On remand, the superior court dismissed Smith's appeal, holding that the state supreme court had found that Smith's motion for a non-jury trial had been denied on the basis of Pennsylvania's R. Crim. P. 1101 (1984),*fn1 and not in reliance on the unconstitutional state statute. The Pennsylvania Supreme Court denied Smith's petition for allowance of appeal, whereupon he filed a federal petition for a writ of habeas corpus claiming, as he did in his request for review in the state supreme court, that the state's highest court had denied him procedural due process by relying on the trial court's post-trial opinion setting forth its reasons for the denial of a jury trial and thereby denying him a new trial.

In the federal district court, Smith's habeas corpus petition was referred to a magistrate who unequivocally found that the record did not support the trial judge's post-trial statement for denying the defendant a non-jury trial. He concluded, however, that an erroneous interpretation of state law by a state court did not constitute a denial of due process rising to the level of a federal question. He therefore recommended that the petition for habeas corpus be denied. The district court, on the other hand, rejected the magistrate's legal conclusion and granted the writ. At the same time, the district court noted that the reasons offered in the trial judge's opinion did not agree with the reasons he gave at the time he denied defendant's motion for non-jury trial. The district court further concluded that the state supreme court's reliance on a post-trial opinion which contradicts the trial transcript is a violation of due process. The Commonwealth appealed.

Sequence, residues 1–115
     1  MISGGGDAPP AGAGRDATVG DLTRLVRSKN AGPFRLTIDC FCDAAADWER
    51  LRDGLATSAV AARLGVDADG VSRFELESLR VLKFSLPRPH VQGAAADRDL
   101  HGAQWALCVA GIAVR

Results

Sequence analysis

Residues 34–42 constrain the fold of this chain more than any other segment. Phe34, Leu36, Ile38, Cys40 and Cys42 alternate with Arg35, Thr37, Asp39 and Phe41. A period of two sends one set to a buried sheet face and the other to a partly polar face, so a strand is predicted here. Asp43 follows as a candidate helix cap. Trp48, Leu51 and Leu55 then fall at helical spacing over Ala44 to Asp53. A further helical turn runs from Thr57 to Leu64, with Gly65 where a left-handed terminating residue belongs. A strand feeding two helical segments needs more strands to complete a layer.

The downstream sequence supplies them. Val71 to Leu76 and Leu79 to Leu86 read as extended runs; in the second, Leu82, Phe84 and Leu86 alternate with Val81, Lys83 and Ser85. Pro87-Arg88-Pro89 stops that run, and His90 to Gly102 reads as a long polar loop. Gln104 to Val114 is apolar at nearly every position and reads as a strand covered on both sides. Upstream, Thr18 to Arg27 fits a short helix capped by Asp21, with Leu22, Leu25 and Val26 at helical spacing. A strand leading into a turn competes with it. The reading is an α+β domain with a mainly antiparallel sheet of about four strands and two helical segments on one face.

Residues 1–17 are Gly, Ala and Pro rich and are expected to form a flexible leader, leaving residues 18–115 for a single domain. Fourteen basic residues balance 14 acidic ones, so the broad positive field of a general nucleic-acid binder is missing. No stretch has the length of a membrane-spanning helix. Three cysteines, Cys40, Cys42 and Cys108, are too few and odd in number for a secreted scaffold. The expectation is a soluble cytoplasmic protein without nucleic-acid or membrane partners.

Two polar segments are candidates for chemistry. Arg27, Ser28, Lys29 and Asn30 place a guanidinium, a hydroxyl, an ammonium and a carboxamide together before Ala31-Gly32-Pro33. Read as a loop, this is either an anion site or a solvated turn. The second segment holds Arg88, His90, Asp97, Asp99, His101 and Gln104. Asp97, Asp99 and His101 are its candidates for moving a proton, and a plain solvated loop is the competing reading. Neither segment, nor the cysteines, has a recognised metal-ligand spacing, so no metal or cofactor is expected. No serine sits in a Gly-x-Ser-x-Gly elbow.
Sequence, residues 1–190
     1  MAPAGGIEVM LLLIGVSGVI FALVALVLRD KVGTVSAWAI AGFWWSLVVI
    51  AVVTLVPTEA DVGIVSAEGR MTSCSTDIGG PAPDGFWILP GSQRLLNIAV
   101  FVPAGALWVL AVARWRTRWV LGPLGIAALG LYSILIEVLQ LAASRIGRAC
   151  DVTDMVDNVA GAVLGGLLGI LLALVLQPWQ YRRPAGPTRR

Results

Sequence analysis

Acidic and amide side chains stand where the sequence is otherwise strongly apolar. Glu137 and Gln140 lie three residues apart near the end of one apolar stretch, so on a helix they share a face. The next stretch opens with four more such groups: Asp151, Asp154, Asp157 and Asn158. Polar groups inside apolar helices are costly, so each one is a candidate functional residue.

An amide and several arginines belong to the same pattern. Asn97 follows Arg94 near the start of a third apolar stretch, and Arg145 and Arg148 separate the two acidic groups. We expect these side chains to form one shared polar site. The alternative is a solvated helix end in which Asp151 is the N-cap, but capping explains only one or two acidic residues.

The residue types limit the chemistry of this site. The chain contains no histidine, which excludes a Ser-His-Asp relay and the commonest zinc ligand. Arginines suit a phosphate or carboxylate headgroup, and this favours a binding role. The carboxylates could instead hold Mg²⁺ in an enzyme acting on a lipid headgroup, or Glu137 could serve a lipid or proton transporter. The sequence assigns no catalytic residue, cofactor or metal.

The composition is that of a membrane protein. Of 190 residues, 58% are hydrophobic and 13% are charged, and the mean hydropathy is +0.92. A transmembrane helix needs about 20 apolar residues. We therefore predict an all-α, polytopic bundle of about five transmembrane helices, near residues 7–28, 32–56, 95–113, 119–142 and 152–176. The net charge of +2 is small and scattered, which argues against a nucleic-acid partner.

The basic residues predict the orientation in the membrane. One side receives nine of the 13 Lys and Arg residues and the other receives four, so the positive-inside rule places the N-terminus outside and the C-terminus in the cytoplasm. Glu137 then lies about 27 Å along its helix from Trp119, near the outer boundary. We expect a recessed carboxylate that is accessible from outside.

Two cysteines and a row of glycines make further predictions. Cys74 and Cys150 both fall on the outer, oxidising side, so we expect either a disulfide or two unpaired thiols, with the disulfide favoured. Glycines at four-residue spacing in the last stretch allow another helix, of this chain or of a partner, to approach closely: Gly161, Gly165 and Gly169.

II.

During the past decade, the United States Supreme Court has moved away from an expansive view of habeas corpus relief and applied numerous strictures to the writ. See generally M. Rosenn, The Great Writ -- A Reflection of Societal Change, 44 Ohio St. L. J. 337, 355-63 (1983). This fundamental change in the Court's approach has significantly limited the availability of collateral review of criminal proceedings. A review of the applicable strictures reveals that, in the instant case, the district court erred in granting the petition for a writ of habeas corpus.

A.

The writ of habeas corpus is available only to persons held "in custody in violation of the Constitution or laws or treaties of the United States." 28 U.S.C. § 2254(a). As stated by the Supreme Court, "federal courts hold no supervisory authority over state judicial proceedings and may intervene only to correct wrongs of constitutional dimension." Smith v. Phillips, 455 U.S. 209, 221, 71 L. Ed. 2d 78, 102 S. Ct. 940 (1982); Donnelly v. DeChristoforo, 416 U.S. 637, 40 L. Ed. 2d 431, 94 S. Ct. 1868 (1974).

There is no federal right to a non-jury criminal trial. See Singer v. United States, 380 U.S. 24, 34, 13 L. Ed. 2d 630, 85 S. Ct. 783 (1965). Thus, as the district court in this case recognized, the state trial judge's denial of a bench trial "does not implicate any federal constitutional rights." Moreover, petitioner questions ...